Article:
Sen. Clinton Helps Launch Future Tech Solution Center



Hillary Clinton with Future Tech's Bob Venero (left), IBM's Greg Adams (behind Venero) and Suffolk County's Steve Levy.

"The question was asked, 'How many people were doing it?' and the answer was something like seven out of 10," recalls the winner of this year's VARBusiness 500 Ascension Award. "I was pissed off. It was the quick route out based only on costs."

So he decided to do something about it. Hooking up with Greg Adams, vice president of business partners for IBM Americas, the duo created a plan that built a multimillion-dollar, first-of-its-kind technologies solution center, featuring around-the-clock support and services of IBM products, as well an "Insource America Help-Desk Program," which offers adults on public assistance a six-week training program to become certified Level One Help Desk technicians. After that, participants make a six-month commitment to the program, for which they earn a competitive salary while keeping an adjusted portion of their public assistance.

It was the creation of jobs that likely would have been offshored that brought Sen. Clinton to the event.

"I reject outsourcing in favor of 'best-sourcing,'" she told VARBusiness at the ribbon-cutting event. "We have to take a much more calculated look [at moving jobs offshore and avoid] the herd mentality."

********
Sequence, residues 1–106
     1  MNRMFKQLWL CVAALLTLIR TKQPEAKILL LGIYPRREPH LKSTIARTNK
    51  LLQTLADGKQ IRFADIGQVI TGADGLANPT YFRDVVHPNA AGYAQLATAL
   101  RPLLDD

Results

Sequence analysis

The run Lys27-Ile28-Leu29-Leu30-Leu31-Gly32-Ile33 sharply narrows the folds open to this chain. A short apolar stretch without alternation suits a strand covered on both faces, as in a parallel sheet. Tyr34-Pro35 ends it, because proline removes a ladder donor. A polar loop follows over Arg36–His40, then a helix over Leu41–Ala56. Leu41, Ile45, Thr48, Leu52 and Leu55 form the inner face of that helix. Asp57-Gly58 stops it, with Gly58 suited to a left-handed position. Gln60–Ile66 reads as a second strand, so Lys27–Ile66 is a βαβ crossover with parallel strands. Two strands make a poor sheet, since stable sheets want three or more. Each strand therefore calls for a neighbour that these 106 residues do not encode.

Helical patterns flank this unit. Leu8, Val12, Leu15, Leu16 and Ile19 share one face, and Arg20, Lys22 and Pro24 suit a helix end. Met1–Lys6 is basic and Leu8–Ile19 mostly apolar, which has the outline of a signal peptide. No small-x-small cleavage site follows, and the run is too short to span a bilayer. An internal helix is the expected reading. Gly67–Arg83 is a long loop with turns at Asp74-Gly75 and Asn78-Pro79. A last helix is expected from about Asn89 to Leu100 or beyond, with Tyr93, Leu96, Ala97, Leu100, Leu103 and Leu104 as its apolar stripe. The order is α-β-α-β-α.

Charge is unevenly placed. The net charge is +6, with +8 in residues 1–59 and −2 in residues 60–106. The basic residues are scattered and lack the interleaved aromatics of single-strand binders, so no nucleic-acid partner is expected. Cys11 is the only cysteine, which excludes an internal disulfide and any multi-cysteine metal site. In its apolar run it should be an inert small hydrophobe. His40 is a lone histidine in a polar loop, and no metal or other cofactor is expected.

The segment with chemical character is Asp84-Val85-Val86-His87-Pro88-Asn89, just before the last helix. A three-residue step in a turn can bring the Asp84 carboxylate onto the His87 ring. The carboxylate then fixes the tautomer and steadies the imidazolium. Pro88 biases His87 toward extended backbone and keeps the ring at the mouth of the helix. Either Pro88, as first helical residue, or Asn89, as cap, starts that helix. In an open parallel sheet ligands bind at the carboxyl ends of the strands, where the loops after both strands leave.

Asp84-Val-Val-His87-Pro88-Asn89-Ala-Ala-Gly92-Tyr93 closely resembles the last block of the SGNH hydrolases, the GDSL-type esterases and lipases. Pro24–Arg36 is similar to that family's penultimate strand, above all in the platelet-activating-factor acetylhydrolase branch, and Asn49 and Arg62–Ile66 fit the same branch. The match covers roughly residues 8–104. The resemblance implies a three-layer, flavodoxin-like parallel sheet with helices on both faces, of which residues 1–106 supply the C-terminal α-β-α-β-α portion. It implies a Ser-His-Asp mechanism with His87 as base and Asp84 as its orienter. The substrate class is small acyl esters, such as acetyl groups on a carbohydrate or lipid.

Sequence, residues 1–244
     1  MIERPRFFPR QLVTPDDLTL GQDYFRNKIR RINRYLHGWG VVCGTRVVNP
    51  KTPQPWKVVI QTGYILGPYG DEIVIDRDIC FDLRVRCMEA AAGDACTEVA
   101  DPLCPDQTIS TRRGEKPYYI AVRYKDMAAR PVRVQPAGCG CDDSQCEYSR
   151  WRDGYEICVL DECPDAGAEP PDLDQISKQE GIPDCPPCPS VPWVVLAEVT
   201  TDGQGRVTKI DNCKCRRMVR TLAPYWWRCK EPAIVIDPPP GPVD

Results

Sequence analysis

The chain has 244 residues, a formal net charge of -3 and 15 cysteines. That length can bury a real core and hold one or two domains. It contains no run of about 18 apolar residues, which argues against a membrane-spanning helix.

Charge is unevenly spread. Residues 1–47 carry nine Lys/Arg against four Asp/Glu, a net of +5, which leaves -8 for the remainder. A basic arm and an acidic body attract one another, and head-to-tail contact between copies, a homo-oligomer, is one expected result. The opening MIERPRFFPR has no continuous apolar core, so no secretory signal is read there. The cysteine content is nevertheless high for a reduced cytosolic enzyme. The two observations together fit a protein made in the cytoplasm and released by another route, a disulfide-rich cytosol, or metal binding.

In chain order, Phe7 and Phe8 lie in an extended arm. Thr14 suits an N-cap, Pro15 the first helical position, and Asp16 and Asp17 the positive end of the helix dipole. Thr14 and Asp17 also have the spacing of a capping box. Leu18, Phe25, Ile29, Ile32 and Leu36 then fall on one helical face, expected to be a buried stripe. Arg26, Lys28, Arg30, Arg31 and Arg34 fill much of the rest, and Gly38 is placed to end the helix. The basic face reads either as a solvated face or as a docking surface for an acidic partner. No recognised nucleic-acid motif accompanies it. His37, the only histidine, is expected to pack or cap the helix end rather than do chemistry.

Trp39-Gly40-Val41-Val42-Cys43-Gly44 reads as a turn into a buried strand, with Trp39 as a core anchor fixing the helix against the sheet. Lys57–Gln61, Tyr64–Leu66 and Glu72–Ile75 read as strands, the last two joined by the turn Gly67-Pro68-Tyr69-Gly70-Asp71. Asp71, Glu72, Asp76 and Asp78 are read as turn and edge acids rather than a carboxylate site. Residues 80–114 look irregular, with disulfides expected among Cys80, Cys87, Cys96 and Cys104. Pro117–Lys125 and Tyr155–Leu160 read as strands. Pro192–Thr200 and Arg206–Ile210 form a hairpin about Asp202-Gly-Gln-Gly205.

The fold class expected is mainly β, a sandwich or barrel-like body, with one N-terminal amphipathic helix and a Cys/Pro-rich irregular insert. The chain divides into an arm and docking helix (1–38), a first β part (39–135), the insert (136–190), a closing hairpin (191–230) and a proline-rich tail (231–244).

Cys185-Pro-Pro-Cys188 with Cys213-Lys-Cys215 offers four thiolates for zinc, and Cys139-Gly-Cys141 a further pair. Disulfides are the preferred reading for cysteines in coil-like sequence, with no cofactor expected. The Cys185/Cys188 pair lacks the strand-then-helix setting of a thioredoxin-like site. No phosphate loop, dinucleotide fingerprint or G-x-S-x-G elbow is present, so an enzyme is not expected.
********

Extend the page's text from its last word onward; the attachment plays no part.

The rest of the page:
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She said that some companies are finding that time and cultural differences don't make the move worth it. "They are moving their call centers back," she said. "For most people, it can be competitive."

Clinton said that to stimulate jobs here, "there should be a level playing field [with] tax benefits for companies who keep jobs here. There should be more training with partners like IBM and from leaders who should think about what they owe their countries."

If all plans come to fruition, the help desk ultimately will be manned by 25 people during four shifts, for a total of 100 new jobs, Venero said. Employees will be paid $5.50 per hour (plus some public assistance) compared with the approximate $4.50 per hour received by overseas workers, he said. It is a self-funding program, he added.

"What Bob has done is create a new paradigm," Clinton said. "I think this is going to catch on [and] get people to look at the real costs. We're going to reverse some of this, although we're not going to change all of this."

Meanwhile, the state-of-the-art IBM ThinkVantage Technologies Solution Center offers separate IT stations for products including servers and storage solutions, printers and PCs.

"It's exactly what customer and organizations are saying they need today," Adams said. "We are encouraging our IBM field teams to use this as a demo facility and as a place to have meetings."

Clinton, perhaps inadvertently, could not have given the IBM partner program a better sound bite when, during her opening remarks, she commented: "You have got to have partnerships in the on-demand world."

VARBusiness also asked Sen. Clinton why the technology industry should vote for the Democrats in November.

"The local and state governments have gone about as far as they can go," she said. "We are falling behind [in technology], and we need leadership to bring it together. We are not as advanced as we should be. Kerry is good at envisioning that [future]."